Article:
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Electric Utility Commission prods Council on Austin Energy issues

Tuesday, May 21, 2013 by Michael Kanin

Members of the Electric Utility Commission Monday passed a series of nine resolutions aimed, ostensibly, at kick starting discussion about a host of Austin Energy-related issues. Each of the actions was in the form of a recommendation from the commission to Council members.

 

Taken together, however, the actions seem to point to the commission’s frustrations with the limitations of their power – and the implied harm it may do to the utility.

 

They range from a call for a plan to eliminate the city’s dependence on coal by 2015 to a request for an open discussion about the utility’s hedging policies. Collectively, the items capture roughly three years’ worth of discussion.

 

But it was the last action that stood out. There, commission Chair Bernie Bernfeld offered an item that, if approved by Council, would reinstate the once fairly frequent practice of holding executive sessions, something that Commissioner Steve Smaha implied had disappeared with the coming of current utility General Manager Larry Weis.

 

Commissioner Michael Webber noted that, without the executive sessions, the board had been somewhat neutered. “I think if you want to make sure the commission has no say in the utility, then no executive sessions is a great way to achieve that,” Webber said.

 

For his part, Weis denied ending EUC executive sessions. He noted that he and his staff have tried to brief individual commissioners about sensitive issues as they arise.

 

Council members, of course, can still discuss many Austin Energy issues in executive session.

 

After the meeting, Smaha told In Fact Daily that the purpose of the nine resolutions had been to get the commission back on track after taxing rate and governance discussions. “These are items that had been deferred for a long time while we dealt with the rate case and governance,” Smaha said.

 

When asked if he felt he and his colleagues were stepping into a void, Smaha said no. “I don’t think we’re stepping into a void. I think the void has been around and we’ve tried to provide some long term and strategic oversight.” He added, “When we were stuck dealing with one major issue, a lot of other things didn’t get up to the top.”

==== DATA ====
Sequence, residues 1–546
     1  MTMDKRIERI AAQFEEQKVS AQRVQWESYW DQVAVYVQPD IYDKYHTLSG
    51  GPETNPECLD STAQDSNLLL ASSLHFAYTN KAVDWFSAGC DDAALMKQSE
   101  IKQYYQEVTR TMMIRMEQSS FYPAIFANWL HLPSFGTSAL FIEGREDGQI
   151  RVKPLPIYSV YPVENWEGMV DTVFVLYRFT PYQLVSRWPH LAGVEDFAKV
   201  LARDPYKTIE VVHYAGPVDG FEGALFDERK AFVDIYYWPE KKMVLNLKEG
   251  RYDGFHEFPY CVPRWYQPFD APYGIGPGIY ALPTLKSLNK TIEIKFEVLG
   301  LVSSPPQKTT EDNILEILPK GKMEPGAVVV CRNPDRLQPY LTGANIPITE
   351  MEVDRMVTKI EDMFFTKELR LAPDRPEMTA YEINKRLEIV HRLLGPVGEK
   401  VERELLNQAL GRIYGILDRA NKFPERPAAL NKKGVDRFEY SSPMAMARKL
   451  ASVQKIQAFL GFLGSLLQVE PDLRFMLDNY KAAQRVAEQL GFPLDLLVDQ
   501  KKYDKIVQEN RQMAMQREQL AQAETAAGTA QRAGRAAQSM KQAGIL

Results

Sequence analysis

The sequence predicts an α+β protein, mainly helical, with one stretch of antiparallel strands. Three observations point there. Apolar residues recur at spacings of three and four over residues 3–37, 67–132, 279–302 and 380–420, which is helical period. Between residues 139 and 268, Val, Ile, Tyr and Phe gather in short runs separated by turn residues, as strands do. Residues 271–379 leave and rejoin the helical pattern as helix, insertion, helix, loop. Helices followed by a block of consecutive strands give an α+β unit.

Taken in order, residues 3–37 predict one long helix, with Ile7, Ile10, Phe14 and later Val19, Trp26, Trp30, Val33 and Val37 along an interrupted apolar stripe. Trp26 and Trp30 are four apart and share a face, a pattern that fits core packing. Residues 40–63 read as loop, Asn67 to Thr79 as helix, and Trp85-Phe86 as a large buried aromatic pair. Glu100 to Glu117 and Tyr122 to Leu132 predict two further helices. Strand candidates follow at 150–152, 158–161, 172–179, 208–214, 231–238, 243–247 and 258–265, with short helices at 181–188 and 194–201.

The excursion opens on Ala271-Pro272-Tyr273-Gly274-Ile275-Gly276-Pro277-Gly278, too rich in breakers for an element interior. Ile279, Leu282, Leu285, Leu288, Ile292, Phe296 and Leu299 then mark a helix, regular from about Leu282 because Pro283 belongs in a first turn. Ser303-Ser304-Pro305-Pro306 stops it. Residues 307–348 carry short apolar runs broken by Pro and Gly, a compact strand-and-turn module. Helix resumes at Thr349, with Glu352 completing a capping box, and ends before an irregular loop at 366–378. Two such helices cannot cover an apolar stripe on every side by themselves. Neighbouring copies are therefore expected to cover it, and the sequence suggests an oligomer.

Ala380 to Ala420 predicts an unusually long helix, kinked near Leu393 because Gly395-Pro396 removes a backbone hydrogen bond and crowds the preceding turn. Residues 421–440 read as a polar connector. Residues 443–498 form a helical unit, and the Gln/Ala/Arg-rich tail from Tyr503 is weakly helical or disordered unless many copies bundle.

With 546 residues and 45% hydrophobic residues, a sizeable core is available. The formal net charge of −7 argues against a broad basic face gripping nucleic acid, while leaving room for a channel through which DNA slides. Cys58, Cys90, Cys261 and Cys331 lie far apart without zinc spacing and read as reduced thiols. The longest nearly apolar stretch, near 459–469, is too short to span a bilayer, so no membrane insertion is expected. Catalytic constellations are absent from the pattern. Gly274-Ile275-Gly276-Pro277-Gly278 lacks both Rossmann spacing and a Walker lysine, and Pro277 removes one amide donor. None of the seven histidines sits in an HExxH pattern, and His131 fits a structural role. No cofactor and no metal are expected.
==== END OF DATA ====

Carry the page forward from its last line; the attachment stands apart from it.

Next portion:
It was impossible to ignore the context. The question of a new, more powerful independent governing body – something that a perpetual majority of the commission has pushed for – remains stalled at Council and at the Legislature.

 

Whatever the future holds, the current board’s situation was underlined by the nature of their Monday actions. Commissioners unanimously approved requests for Council action on “a plan to return Austin Energy to compliance with all City Council mandated finance and reserve policies or provide recommendations to revise (them)”; to “require the City Manager to produce a list of all transfers or payments from Austin Energy to the city”; to ask City Manager Marc Ott to “develop a plan to increase the non-nuclear decommissioning reserve”; to “investigate” the possibility of installing combined-cycle gas generators at one of the utility’s plants; and to instruct Ott to analyze the combined effect of the new out-of-city ratepayer exemption from the highest two tiers of billing on the city’s effort to save 800 megawatts of energy by 2020. The vote to allow executive sessions was also unanimous.

 

After a bit of light editing, the call for a public discussion of the utility’s hedging policy came on a 7-0 vote.

 

A 6-1 majority of commissioners moved ahead with the request to get off coal – Commissioner Shudde Fath objected to that idea, based on her concerns that a sale of the Fayette plant might not reduce noxious emissions. Commissioner Philip Schmandt may have summarized his feelings about a broader issue when, in reference to the coal debate, he tied the question “to the governance issue,” noting that it had “fallen into a black abyss of the City Manager’s office or staff – I have no idea where we are.”

 

Only Commissioner Karen Hadden, a Solar Austin board member, objected to a call for a study of the impact of distributed energy programs on the utility “including an analysis of who should pay the fixed costs of serving distributed energy customers.”

 

For his part, Commissioner Philip Schmandt noted that he believes that it is possible that lower-income utility customers have been subsidizing wealthier Austin Energy solar users.

 

Still, all commissioners could do was request Council action on the issues. An independent board could, properly empowered, simply order the General Manager to produce the studies. In that regard, the commission’s Monday actions could be viewed as something of a test of the current system – and, depending on Council action, a potentially strong illustration of its shortcomings.

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